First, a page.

Torontonians strolling through stackt market to grab food and drink on the sprawling patios, or browse vendors at The Market, will now be met with ‘Emergence from Emergency,’ a provocative series of poetic installations presented by OCAD University’s Creative Writing Program.
Created by Black students, the poetic-artistic works, which include a 7-foot tall traffic message board showcasing words and phrases addressing the Black experience, are transplanted in various spaces around the Market, and will no doubt inspire meaningful conversations.
“I was drawn to this project for many reasons—one being the artistic and poetic challenge and another being my admiration for the neo conceptualist artist, Jenny Holzer. More importantly though, I wanted to participate in service and solidarity with my community. I felt particularly drawn to the construction signs as a mood display as they act as a powerful critique of a society and justice system under construction,” says OCAD student leaf jerlefia.
A Jamaican-Canadian curator, poet and cultural critic, leaf’s work consistently explores notions of diaspora, home and belonging, and participating in this project was important to her on several levels, “As we continue to see stories, tragedies and protests develop in the media, it seems audiences empathize less and less with the characters of these stories. As a matter of fact, many have been minimized into characters and caricatures, suddenly they’re shadows and no longer people. This work is so important because the words you’re reading are from the mouth of the artist-activist rather than the artist’s words from another mouth. What remains vital and important to every civil rights movement, including Black Lives Matter is the preservation of our voice. Our resilience, our truth, our history.”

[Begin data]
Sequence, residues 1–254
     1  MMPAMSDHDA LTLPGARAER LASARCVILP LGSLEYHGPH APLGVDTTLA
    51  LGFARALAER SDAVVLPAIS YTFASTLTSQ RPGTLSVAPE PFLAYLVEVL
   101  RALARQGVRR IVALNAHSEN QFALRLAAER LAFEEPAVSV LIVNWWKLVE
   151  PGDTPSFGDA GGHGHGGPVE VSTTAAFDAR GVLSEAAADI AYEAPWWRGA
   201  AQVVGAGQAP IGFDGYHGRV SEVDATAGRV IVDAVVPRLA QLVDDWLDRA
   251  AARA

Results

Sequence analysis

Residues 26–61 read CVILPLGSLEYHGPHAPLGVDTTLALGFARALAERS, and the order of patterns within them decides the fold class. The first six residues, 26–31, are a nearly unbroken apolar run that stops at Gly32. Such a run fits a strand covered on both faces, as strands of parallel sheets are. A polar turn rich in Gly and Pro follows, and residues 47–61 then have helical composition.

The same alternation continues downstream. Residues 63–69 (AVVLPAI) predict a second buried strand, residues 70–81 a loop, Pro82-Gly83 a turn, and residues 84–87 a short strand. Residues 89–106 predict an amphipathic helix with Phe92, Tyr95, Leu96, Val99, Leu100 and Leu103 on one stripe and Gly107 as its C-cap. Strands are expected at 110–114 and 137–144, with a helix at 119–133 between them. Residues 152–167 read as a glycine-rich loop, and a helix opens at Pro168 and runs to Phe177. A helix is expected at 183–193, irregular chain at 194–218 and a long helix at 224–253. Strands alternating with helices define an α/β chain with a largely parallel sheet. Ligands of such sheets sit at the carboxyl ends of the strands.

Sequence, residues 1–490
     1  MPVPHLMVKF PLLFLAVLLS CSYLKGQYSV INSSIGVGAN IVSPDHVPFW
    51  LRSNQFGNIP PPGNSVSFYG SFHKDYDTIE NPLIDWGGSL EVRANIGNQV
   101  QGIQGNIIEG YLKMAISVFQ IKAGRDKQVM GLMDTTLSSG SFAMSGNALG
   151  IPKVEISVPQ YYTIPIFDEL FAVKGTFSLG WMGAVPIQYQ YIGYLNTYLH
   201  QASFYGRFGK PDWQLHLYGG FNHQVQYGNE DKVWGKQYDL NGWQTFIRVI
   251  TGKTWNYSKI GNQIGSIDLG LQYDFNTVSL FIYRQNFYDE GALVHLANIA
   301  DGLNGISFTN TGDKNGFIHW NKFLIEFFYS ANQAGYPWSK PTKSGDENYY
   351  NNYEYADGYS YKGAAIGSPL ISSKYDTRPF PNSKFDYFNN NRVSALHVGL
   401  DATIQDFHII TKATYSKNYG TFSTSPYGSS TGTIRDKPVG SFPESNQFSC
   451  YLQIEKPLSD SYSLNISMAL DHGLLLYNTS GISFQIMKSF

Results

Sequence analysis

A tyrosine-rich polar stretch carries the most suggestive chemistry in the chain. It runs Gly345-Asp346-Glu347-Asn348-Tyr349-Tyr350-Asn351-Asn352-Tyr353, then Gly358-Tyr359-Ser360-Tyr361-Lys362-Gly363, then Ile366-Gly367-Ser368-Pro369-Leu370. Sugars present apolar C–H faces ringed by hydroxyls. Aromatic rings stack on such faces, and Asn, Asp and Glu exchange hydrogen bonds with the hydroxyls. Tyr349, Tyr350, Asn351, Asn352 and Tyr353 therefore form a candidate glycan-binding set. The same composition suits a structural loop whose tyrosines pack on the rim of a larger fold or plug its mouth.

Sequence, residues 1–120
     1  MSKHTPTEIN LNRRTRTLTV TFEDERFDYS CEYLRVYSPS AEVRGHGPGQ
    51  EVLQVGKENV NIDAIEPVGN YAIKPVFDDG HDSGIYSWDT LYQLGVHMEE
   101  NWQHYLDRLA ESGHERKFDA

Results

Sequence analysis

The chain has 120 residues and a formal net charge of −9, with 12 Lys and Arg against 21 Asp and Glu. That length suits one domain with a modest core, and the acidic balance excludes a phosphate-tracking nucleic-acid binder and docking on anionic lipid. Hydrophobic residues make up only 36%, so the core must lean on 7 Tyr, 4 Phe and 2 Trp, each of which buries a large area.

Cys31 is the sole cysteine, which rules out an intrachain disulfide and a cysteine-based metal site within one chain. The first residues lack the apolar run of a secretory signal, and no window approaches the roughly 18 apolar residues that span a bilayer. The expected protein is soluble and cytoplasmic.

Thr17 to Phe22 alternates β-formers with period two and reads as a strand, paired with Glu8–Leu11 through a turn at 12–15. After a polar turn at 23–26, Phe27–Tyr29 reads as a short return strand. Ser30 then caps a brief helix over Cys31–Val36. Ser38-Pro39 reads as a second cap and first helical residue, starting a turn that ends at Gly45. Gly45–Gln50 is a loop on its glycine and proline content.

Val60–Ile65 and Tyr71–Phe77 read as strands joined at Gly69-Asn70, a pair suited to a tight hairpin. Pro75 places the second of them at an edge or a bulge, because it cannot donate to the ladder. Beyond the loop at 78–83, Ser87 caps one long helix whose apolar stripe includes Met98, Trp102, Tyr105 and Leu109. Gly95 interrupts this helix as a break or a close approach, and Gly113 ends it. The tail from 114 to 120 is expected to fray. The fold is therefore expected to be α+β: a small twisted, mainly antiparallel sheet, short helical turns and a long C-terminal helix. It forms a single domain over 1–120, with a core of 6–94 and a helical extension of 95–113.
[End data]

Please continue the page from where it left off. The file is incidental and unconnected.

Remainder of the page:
Located at Bathurst and Front Street, in a high-density pocket of downtown Toronto, the installation has the potential to reach thousands, from those visiting stackt market to people walking by to neighbouring residents spotting the signs from their balconies. “I want this work to be both an inspiration and an interruption. I want Torontonians to acknowledge that injustices are far more close to home than they may have believed,” says leaf. “I want to inspire those on their mundane commutes to think about power structures, brutality and politics. This work is meant to inspire ownership, accountability and solidarity and interrupt silence, marking it as violence and complicity.”